Type III: Serum Sickness Repeated intravenous antigen injections Immune complexes deposited in tissues Fever, rash, pain, lymphadenopathy

Type III: Raynaud’s Phenomenon : 

Type III: Raynaud’s Phenomenon Temperature governs immune complex deposition in peripheral circulation Exposure to cold causes redness, pain of fingers, toes followed by numbness, cyanosis, gangrene

Type III: Arthus Reaction : 

Type III: Arthus Reaction Occurs after repeated LOCAL exposure to exogenous antigen Immune complexes in vessel walls Examples Celiac disease from wheat protein Hemorrhagic alveolitis from moldy hay inhalation

Type IV : 

Type IV Delayed Mediated by Td (lymphokine-producing) or Tc (cytotoxic) cells No antibody involved

Type IV : 

Type IV Examples Graft rejection Contact allergic reactions (poison ivy)

Hypersensitivity Targets : 

Hypersensitivity Targets Allergins Pollen (hay fever) Drug reactions Foods

Hypersensitivity Targets : 

Hypersensitivity Targets Neoantigens Hapten binds to protein molecule Changes its antigenicity Causes it to become an allergen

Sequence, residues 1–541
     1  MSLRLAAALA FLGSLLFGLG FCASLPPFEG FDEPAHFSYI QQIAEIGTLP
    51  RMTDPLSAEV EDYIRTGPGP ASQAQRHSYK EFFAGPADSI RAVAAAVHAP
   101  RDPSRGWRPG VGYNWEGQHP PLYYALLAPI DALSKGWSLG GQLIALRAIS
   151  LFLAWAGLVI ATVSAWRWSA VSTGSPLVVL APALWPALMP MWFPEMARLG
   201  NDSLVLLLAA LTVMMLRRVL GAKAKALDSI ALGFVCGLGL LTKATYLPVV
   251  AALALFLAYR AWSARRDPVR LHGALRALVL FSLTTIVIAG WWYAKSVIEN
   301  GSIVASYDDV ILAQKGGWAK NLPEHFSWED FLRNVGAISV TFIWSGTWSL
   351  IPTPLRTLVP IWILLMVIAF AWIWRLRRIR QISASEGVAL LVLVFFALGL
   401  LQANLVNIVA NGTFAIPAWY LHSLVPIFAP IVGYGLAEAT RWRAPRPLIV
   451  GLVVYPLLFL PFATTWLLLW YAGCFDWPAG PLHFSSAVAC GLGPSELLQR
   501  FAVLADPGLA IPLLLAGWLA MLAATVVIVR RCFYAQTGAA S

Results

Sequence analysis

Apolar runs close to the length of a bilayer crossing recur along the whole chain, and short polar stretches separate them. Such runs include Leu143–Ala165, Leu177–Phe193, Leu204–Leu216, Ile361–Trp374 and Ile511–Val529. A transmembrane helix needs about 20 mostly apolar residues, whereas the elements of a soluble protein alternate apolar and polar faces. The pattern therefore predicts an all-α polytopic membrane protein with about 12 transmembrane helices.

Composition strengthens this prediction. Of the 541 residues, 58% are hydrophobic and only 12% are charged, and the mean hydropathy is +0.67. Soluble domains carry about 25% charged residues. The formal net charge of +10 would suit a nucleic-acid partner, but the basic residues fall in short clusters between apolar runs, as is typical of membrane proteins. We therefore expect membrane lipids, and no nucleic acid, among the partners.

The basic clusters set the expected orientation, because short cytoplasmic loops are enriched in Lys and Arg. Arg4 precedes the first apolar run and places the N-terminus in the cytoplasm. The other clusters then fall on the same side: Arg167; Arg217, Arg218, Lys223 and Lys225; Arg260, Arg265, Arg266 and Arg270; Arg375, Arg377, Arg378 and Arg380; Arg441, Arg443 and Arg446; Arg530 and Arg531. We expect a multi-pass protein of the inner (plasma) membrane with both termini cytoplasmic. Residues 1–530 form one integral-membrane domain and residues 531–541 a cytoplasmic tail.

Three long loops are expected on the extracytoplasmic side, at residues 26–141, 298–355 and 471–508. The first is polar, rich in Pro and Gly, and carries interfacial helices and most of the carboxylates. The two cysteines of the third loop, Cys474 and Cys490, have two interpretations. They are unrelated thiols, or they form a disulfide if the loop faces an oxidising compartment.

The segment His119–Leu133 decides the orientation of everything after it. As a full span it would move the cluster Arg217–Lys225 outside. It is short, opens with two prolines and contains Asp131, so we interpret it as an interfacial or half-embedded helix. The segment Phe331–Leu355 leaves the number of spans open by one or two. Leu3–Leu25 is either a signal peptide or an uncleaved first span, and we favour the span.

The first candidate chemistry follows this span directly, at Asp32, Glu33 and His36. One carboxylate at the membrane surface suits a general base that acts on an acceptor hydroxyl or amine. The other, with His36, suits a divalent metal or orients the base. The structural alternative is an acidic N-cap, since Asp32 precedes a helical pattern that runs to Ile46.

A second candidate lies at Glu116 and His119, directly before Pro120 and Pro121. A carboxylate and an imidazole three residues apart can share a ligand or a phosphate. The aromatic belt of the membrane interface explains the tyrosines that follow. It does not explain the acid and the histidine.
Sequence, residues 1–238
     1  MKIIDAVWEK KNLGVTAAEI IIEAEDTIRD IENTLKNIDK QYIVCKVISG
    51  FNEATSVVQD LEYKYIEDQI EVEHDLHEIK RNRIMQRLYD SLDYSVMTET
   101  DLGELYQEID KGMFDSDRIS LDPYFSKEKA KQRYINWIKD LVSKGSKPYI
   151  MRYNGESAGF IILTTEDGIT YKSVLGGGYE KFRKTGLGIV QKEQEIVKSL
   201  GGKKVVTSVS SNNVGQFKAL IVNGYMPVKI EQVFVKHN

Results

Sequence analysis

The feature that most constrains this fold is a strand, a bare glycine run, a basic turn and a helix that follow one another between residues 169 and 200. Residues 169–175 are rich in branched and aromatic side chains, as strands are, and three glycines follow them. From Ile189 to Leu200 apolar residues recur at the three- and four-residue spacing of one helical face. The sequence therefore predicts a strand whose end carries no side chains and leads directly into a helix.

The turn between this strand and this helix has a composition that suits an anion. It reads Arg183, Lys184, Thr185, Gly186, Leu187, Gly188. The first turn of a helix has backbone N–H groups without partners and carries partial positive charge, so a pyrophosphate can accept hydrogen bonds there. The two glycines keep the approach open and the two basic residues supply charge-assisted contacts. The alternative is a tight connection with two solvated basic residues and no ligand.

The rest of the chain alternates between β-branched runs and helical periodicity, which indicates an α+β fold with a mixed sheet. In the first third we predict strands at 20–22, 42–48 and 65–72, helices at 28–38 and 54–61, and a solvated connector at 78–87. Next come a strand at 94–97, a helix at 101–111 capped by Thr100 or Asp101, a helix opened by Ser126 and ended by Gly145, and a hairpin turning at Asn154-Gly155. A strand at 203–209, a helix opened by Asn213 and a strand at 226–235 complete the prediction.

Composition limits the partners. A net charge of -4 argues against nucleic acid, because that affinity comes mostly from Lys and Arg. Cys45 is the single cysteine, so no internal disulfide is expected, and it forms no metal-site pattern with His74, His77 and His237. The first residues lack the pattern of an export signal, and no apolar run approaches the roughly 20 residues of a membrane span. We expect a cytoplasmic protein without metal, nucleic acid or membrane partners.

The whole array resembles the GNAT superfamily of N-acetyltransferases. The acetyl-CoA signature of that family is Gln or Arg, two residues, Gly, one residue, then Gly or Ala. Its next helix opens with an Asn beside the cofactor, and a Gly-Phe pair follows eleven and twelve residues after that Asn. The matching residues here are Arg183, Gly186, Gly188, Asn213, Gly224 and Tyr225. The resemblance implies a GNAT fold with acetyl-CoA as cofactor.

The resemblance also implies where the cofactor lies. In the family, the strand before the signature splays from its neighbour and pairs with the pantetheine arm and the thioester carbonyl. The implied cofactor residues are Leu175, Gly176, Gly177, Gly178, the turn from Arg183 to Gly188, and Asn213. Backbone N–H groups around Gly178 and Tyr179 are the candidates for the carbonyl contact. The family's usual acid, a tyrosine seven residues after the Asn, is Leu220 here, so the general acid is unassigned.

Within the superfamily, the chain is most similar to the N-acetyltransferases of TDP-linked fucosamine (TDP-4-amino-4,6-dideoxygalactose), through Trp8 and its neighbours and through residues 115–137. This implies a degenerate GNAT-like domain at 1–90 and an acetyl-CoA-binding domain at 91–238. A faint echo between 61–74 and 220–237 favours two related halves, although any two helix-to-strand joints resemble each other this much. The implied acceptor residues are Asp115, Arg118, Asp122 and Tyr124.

Hypersensitivity Targets : 

Hypersensitivity Targets Autoantigens Sequestered cells (cornea, testes) Foreign antigen triggered (infection) Suppressor T-cell malfunction Genetic causes

Hypersensitivity Targets : 

Hypersensitivity Targets Isoantigens Tissue grafts, transplants Rh negative sensitivity

Autoimmune Disease : 

Autoimmune Disease Clinical disorder produced by immune response to normal tissue component of patient’s body

Graves’ Disease : 

Graves’ Disease Antibody stimulates thyroid hormone over production Produces hyperthyroidism Antibody, disease can be passed through placenta

Rheumatoid Arthritis :